Eyes Can Get Sunburned Too!

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The Dangers of Wearing Cheap Sunglasses  
by VERGE Staff | Lifestyle and Health | Monday, July 8, 2013

When shopping for sunglasses, there’s a chance you may be choosing fashion, style and price at the expense of your health. Although this may be purely unintentional, optometrists advise that we shop for shades with caution, as there are dangers associated with wearing cheap or fake designer sunglasses.

We're all aware of the life-threatening effects of skin cancer that sun damage can cause regardless of our skin color, as well as the advanced ageing process it has on the skin. But often the need to protect our eyes is overlooked and sunglasses are simply seen as a fashion accessory and not beneficial to our health. But wearing cheap or fake designer sunglasses provides a lack of proper protection from harmful UV rays that could cause serious eye problems and possibly even blindness.

Extended exposure to the sun's UV rays has been linked to various kinds of eye problems, which could result in temporary or permanent blindness. Chris Worsman, Senior Optometrist at Viewpoint Opticians in the U.K. says, "Many people forget to consider their eyesight when thinking about being safe in the sun and protecting their eyes is often a last minute thought. If you don't take necessary pre-cautions you are putting your vision at serious risk of damage from harmful UV rays.”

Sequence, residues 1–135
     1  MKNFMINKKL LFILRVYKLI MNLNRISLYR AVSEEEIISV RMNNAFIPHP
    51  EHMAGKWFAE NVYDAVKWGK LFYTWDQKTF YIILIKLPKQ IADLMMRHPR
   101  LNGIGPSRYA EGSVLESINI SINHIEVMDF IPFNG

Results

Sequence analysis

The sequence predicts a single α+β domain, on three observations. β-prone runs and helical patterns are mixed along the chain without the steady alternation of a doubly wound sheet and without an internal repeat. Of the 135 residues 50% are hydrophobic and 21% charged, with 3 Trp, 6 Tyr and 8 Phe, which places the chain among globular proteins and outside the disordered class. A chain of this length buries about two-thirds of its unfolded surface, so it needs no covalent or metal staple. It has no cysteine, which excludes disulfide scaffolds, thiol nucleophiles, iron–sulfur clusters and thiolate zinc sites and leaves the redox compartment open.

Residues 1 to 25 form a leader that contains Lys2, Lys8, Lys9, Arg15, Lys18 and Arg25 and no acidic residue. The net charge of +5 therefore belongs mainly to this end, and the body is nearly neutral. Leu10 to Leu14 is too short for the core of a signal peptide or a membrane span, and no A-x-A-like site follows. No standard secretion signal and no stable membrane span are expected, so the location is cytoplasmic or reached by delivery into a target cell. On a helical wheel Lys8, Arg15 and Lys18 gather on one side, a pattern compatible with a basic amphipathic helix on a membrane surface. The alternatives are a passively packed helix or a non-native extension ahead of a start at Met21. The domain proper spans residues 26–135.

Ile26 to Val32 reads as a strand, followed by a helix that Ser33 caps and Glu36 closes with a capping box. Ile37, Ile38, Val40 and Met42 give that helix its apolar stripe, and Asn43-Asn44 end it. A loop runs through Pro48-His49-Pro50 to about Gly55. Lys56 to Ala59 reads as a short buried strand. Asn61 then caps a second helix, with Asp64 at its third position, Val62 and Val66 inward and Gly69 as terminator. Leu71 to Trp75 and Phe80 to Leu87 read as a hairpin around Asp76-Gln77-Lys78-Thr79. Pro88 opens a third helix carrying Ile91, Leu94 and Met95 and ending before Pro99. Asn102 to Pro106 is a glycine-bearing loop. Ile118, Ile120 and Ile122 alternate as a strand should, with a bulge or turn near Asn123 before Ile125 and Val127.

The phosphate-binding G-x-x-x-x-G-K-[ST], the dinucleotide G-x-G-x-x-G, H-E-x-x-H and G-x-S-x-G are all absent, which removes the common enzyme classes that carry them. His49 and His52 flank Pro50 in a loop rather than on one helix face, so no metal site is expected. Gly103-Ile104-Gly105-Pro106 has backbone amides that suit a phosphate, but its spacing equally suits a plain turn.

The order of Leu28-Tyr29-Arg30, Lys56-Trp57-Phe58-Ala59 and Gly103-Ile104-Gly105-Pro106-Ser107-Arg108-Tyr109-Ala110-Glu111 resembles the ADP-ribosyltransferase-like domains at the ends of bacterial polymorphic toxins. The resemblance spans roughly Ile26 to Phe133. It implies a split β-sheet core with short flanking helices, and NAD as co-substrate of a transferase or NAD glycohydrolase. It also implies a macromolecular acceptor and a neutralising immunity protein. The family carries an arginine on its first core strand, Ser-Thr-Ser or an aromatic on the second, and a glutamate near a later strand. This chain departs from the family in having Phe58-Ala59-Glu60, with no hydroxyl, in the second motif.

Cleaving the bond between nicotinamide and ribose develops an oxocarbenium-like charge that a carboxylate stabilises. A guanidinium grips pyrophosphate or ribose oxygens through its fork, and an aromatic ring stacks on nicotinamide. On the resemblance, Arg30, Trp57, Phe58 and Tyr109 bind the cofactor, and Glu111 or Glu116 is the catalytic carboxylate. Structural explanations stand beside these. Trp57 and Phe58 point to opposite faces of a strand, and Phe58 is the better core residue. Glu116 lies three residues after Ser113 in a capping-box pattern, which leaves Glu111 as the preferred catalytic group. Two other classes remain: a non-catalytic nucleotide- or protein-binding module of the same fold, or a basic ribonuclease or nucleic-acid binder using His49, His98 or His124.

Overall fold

Without proper UV protection from quality sunglasses you could be putting yourself at risk for the following:

Cataracts, which is the clouding of the eye and causes dimming and blurring of vision.

Age-related Macular Degeneration, which can result in loss of vision in the central field and can be enhanced when eyes are not protected properly.

Skin cancer, which can occur on the eyelids and skin around the eye, because we don't usually cover this area with sunscreen.

Pingueculae and Pterygia, which are types of growths on the eye's surface that can become unsightly and cause distorted vision.

Photokeratitis, commonly known as "snow blindness" among skiers, which can cause temporary loss of vision.

Protecting your eyes from the sun isn't as simple as putting on a pair of sunglasses. Even on cloudy days, people are lulled into a false sense of security but UV exposure can be quite high on overcast days because UV is invisible radiation, not visible light, and can penetrate clouds.

So, finding the right pair of sunglasses is crucial to the health of your eyes, as not all shades offer the right level of protection and different types have different benefits. Opthalmologists recommend that you skip sunglasses that do not offer details about the level of UV protection. Instead, choose sunglasses that have the proper UV protection label, and block 99-100% of both UVA and UVB rays. And if you simply want sunglasses for generic use, go for a polarized pair because they reduce glare from sand, sun and water.

"UV radiation can't be seen or felt but once you have a condition caused by UV rays it cannot be reversed or healed. UV rays can have devastating effects on the eyes, which are especially susceptible to the sun. When someone goes years without proper protection they are at risk of a range of diseases," says Dr. Worsman. 

Photo credit: ©Kameron Krier | Dreamstime

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